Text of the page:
Wednesday, 28 May 2008

Queue Tip

Why do people queue-jump? More significantly, why do people queue-jump when I happen to be in the queue they are jumping into? Even worse, why does the person in front of me leave the queue in order to get something they’ve forgotten, then automatically assume that I’m happy to let them back in? This is a serious problem we face in modern day society, but is entirely academic unless one has actually succeeded in joining a queue in the first place.

Such was the dilemma the other day in W.H. Smith’s where I was picking up this month’s copy of The Oldie. Ironically, it was because of an oldie that I was prevented from joining the queue for the till. She was a very wide woman with an even wider suitcase which, together, caused a major blockage in the magazine aisle. Mrs. Oldie kept yelling at her oldie husband – who was blocking the other end of the aisle – to ask whether she should join the queue whilst he read a magazine he’d found. But neither of them could make up their mind so stalemate ensued, with me stuck in the middle eying the other customers enviously who all had a clear passage to a selection of enticing queues.

It occurred to me recently that there is something seriously wrong with the whole etiquette of queuing. Someone once said that it is easier for a camel to squeeze through the eye of a needle than for a rich writer to enter the kingdom of God. This also applies to joining queues. I find it unfair that one can be queuing at a till for several minutes, only for the customer behind to suddenly jump sideways into a parallel queue at the very moment another till becomes free. There should be a rule dictating that, regardless of the number of operational tills at any one time, a single master-queue must be formed where everyone waits to be served by the next available sales assistant.

I have attempted on a number of occasions to introduce this policy into society by strategically positioning myself at the centre-most point between occupied checkouts in order to entice other customers to form one big happy queue behind me. Unfortunately, I generally find myself being completely ignored by such customers who proceed to form their own queues at any till which takes their fancy. Subsequently, this results in me standing in the middle of the shop making strange groaning sounds whilst flapping my magazine at people erratically like someone on day release from the local mental mansion.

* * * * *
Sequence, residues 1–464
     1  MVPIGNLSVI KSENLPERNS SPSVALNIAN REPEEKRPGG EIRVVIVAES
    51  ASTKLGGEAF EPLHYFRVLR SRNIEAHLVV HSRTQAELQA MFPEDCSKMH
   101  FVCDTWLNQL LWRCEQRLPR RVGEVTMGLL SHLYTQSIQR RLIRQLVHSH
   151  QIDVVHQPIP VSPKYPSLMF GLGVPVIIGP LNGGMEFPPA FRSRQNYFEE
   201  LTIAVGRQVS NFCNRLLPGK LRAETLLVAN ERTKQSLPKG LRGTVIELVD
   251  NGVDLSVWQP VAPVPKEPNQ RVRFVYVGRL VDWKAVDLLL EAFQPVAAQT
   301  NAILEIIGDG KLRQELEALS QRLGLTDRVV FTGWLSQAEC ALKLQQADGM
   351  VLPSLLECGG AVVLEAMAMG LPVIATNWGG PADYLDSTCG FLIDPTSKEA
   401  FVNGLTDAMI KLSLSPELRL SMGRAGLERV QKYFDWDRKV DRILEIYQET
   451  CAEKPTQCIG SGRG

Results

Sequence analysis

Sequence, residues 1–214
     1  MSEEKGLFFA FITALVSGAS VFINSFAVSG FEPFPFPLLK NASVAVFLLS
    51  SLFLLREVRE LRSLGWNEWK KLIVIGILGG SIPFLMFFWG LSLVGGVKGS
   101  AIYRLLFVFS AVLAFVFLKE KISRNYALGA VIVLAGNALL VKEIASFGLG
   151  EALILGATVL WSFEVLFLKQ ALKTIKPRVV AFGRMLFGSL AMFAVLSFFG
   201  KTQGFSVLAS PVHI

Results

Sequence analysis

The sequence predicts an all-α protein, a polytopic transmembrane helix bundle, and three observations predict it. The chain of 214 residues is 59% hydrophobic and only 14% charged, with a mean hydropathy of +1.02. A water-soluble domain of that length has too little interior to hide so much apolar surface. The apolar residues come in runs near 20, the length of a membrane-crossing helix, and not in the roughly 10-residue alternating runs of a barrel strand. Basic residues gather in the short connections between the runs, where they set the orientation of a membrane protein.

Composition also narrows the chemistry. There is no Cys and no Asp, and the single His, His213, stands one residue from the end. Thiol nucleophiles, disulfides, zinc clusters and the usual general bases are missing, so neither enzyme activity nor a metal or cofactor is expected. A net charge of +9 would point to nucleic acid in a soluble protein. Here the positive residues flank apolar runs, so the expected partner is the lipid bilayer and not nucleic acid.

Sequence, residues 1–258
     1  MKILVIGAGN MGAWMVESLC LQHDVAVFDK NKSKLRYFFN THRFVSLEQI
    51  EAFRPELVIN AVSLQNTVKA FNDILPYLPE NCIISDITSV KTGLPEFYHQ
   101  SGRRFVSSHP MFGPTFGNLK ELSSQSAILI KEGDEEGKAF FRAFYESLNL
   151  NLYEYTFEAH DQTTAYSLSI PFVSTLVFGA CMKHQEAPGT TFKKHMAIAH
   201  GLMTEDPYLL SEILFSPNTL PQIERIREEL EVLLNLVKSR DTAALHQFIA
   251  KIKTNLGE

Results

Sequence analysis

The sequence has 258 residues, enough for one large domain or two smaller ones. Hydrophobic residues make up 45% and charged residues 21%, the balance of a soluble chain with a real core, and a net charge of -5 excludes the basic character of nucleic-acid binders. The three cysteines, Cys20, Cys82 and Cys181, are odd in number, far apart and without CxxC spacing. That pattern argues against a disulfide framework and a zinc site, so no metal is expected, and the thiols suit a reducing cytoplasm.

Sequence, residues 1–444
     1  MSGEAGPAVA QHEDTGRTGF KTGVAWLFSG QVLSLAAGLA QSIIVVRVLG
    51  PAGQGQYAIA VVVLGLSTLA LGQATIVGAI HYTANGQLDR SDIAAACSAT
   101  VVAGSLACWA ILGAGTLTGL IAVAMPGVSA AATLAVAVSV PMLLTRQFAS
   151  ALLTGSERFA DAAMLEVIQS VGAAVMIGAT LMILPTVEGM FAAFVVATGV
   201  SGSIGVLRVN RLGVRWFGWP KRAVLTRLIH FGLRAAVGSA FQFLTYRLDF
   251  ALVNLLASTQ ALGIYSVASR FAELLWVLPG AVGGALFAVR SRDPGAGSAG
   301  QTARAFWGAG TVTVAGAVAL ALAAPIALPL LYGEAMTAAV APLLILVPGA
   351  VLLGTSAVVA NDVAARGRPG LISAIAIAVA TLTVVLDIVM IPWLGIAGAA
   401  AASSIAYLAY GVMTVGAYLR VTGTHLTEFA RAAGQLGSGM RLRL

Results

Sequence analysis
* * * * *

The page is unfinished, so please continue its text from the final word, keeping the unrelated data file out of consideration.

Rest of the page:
Opinions from Electric People on potential solutions to the current queue crisis are gladly welcomed, as well as ways on how to apply a bit of polite etiquette without looking like an escaped lunatic.

Saturday, 24 May 2008

Porn in the Game

Electric Writer: Porn in the GamePink decided recently that our relationship needed some “excitement” injected into it after the fiasco of the chocolate egg situation last Easter which apparently suggested I had a “lethargic” attitude towards her weight. She ordered me to arrange something and so I took it upon myself to find somewhere near the sea.

Being near water is very important for Cancerians, such as myself, as it creates a sense of calm and wellbeing in an otherwise insane universe. After considering the embarrassing episode on the Isle of Wight ferry a couple of years ago, I decided to play it safe and stay on the mainland this time.

I found this nice period hotel in Bournemouth called The Norfolk Royale. Four stars, 50 quid a night with breakfast and dinner included. Pink was especially pleased as it had a spa and sauna. Such places are not my cup of tea primarily because of the funny looks I get, the reasons for which remain a mystery to me. So I was glad to discover that the hotel also provided Sky satellite television along with a movies-on-demand service which one could order by simply pressing a button a remote control.

Whilst Pink pampered herself downstairs by the indoor pool, I decided to search for one of these movies-on-demand. On finding the remote control, my search turned into a megascale hunt for the actual television itself, which I eventually found hidden in a secret cupboard next to the tea-making facilities.

Technology has never really been my forte, and I eventually found myself engaged in a battle of wits with the super-intelligent television which seemed to be some kind of bastard offspring from The Forbin Project. Each time I tried to select a menu in the “on screen hotel information guide”, the television went somewhere completely different of its own choosing, and seemed more interested in offering me a range in its “exclusive adult entertainment” section.

I also noticed that it continued to scan through the digital information on its own, even when I wasn’t touching the remote control, as though it was collating data with other like-minded televisual life forms. In the end, I gave up and switched off the set altogether and just read my book instead.

When the time came to check out, I was shocked to find that the telebeing had added a day’s worth of “adult entertainment” to the bill. I tried to convince the receptionist that I’d had nothing to do with this, but she just rolled her eyes, nodded and charged me anyway. Pink remained silent throughout the entire episode and didn’t say a word to me for the entire journey home.

Next time, not only will I look for somewhere on the mainland to avoid embarrassing ferry moments, I’ll also look for somewhere with no movies-on-demand facility. Or preferably no television at all.